On the other hand, the positive pressure ventilation determined an increase of alveolar pressure and, consequently, an increase of the pressure of the alveolar vessels, determining a subsequent increase of the lung vascular resistance, meaning an increase in the afterload of the right ventricle and in consequence, a decrease of the lung blood flow. Despite an initial increase of the left atrium filling, after two to three cycles, a diminishing of the venous return appears, and, as a consequence, the preload of the left ventricle is reduced.

Finally, the afterload off the left ventricle that is related to the resistance to the left ventricle exit flow depends of the transmural pressure that exists in it; in other words, in the difference between the internal pressure of the left ventricle and the intrathoracic pressure. During positive pressure ventilation, the increase of intrathoracic pressure decreases the transmural pressure of the left ventricle, which determines a decrease of the afterload of the left ventricle and, in turn, an increase of its stroke volume (Fig. 67.5).


Fig. 67.5

Cardiopulmonary interaction in the left ventricle in positive pressure ventilation. PTVi left ventricular transmural pressure, PVi left ventricle peak pressure, PIT intrathoracic pressure, SV stroke volume

The understanding of cardiopulmonary interactions is essential when considering the mechanical ventilator as another therapeutic tool, for example, in heart failure, the use of invasive mechanical ventilation can be essential when diminishing the left ventricle afterload and improving cardiac output. The same considerations must be taken in patients with severe air trapping or a significant restrictive illness that could imply the use of mPaw that will deteriorate the output and worsen the prognosis of the patient.

Mechanical Ventilation Indications

The moment to start mechanical ventilation will depend of the desired clinical objective for the patient that needs connection. Before connecting the patient, the pediatrician must consider why the patient requires it: are they a patient with a severe lung disease? Is the lung disease obstructive, restrictive or mixed? Does the patient present neurological compromise? Does the patient have a serious ECT or signs of endocranial hypertension? Is the patient in septic shock or cardiogenic shock? Among other questions. All the previous questions allow defining which condition determines the indication of ventilating the patient invasively (Table 67.2).

Table 67.2

Indications to initiate mechanical ventilation

Alveolar hypoventilation: PaCO2 > 60

Failure in arterial oxygenation (PaO2 < 70 con FiO2 ≥ 60)

Severe obstructive symptoms

Apnea or respiratory arrest

Neuromuscular condition

Decrease of metabolic consumption: shock

Cardiogenic shock

Severe ECT

Complicated polytrauma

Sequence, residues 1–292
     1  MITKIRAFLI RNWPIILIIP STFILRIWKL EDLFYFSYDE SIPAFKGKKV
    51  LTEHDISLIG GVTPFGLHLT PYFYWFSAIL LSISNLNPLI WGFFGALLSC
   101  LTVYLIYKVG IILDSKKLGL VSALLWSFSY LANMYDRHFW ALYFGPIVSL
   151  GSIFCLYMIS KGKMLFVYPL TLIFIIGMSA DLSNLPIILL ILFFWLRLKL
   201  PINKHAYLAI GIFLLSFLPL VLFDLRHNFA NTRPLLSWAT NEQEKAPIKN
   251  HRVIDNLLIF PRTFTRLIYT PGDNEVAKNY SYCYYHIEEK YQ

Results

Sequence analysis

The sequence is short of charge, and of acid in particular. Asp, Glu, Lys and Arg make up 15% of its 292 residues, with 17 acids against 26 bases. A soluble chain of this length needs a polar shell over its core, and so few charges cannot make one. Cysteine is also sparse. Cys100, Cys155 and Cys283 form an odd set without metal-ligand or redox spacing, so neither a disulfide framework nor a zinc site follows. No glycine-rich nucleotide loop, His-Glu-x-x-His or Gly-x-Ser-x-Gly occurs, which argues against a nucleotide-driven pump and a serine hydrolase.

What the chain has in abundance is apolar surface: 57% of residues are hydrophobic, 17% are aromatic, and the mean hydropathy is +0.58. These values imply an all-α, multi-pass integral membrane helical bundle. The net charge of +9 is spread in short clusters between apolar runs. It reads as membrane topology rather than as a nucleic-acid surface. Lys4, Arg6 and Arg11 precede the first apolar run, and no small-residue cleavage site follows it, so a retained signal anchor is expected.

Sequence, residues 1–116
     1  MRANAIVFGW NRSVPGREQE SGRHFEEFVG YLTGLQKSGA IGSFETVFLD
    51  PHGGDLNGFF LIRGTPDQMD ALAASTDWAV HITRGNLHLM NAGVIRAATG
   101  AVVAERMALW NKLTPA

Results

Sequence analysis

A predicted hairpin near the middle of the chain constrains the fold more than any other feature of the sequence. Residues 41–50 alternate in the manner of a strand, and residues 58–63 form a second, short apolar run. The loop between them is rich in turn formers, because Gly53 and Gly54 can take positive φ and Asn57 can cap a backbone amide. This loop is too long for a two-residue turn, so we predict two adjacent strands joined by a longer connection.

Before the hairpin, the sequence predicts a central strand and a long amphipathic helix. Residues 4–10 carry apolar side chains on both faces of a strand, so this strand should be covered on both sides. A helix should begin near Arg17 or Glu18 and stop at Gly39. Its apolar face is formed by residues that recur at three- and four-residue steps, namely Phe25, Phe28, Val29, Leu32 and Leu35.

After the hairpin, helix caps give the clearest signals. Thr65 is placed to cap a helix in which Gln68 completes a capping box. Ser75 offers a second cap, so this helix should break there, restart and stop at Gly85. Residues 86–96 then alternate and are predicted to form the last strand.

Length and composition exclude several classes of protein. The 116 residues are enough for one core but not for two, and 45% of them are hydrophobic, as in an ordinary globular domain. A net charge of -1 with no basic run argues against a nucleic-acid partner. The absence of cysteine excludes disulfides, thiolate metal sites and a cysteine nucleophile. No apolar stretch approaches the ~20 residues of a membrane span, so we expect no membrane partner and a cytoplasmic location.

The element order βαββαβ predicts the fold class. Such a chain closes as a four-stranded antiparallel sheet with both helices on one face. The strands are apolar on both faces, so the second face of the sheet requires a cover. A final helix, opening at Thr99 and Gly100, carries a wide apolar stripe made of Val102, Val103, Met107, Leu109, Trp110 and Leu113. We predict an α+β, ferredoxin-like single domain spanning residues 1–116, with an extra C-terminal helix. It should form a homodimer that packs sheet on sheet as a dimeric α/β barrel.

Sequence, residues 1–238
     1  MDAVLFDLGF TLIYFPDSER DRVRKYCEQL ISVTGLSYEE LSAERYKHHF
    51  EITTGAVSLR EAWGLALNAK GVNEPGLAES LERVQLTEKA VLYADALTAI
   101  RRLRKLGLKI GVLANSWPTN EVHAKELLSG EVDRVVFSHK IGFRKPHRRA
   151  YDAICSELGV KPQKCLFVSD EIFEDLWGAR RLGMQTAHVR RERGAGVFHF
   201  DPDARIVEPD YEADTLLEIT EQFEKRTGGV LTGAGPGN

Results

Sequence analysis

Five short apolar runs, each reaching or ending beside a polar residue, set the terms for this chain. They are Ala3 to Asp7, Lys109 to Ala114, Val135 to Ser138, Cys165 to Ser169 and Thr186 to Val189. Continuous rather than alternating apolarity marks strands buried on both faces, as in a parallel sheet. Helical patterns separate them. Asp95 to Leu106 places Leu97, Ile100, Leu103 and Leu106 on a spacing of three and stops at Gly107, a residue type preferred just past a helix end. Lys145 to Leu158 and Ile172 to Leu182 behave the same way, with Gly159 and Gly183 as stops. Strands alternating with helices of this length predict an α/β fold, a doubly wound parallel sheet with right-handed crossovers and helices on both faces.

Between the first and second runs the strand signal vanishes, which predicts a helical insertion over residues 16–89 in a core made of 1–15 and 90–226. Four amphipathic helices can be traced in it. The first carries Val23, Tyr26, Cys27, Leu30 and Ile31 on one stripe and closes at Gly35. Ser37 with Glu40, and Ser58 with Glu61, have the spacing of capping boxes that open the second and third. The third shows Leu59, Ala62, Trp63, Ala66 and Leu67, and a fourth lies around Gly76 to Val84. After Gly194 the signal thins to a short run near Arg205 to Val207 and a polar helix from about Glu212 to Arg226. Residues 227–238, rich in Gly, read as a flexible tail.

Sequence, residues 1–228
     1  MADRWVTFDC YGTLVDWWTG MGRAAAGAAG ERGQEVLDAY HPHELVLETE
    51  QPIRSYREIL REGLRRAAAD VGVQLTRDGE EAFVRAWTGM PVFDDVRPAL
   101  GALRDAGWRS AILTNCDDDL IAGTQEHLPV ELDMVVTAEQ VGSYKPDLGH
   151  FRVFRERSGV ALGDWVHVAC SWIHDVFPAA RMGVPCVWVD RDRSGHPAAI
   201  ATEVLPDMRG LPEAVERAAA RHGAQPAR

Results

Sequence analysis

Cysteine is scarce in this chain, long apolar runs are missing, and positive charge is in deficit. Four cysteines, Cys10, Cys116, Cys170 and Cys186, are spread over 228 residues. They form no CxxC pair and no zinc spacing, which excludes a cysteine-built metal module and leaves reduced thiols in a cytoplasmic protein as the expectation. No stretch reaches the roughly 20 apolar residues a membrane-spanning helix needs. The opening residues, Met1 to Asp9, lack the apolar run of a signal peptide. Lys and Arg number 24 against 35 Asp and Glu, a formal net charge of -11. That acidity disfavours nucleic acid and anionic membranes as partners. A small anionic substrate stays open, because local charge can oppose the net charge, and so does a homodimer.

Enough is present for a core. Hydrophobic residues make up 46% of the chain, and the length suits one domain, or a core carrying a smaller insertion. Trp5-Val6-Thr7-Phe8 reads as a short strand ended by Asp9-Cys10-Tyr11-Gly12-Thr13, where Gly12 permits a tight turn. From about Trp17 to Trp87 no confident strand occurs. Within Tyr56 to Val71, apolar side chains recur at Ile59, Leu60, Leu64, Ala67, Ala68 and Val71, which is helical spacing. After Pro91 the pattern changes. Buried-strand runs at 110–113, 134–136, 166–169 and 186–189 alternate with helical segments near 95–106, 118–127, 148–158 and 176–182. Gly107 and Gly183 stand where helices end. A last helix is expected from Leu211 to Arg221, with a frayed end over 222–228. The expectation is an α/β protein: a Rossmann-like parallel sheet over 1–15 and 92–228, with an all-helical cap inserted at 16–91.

Substitution of breathing work

Thoracic wall stabilization

Surgery, ICU procedures

The most common cause of mechanical ventilation corresponds to the maintenance of gas exchange in the patient with respiratory failure, because an adequate arterial oxygenation was not achieved (PaO2 < 70 with FiO2 > 60) or an adequate alveolar ventilation was not achieved (PaCO2 > 55–60 in the absence of chronic lung disease). Another indication of mechanical ventilation is in those situations that require a decrease or substitution of the breathing work, either because spontaneous breathing work is ineffective on its own, or because the respiratory system is incapable of performing its function due to a muscular or skeletal failure: scoliosis, trauma, thoracic cavity malformations, neuromuscular diseases, etc.

Decrease of the oxygen consumption (VO2) constitutes another general indication of mechanical ventilation, because in pathological circumstances, oxygen consumption by the respiratory musculature can reach up to 50% of the total consumption. Thus, mechanical ventilation allows an oxygen reserve to be used by other tissues, which can be crucial in certain pathologies, such as septic shock, cardiogenic shock, endocranial hypertension, among others.

Finally, other indications of mechanical ventilation are the stabilization of the thoracic cavity in cases of polytrauma, flail thorax, thoracic surgery, or allowing sedation, analgesia, or muscle relaxation during the postoperative care of complex surgery, or in invasive procedures in critical pediatric care.

Most Used Ventilatory Modes and Initial Parameters of Ventilation in Pediatric Procedures

The ventilation offered by the mechanical ventilator is determined by an air flow provided to the patient whose only objective is usually to offer a determined volume or pressure (Fig. 67.6). The end of the inspiratory phase or cycle is reached at the moment that the objective of a determined volume, pressure, flow or time is reached according to the programming of the ventilator. The most commonly used modes will be detailed next (Fig. 67.7).


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Nov 7, 2020 | Posted by in Uncategorized | Comments Off on Mechanical Ventilation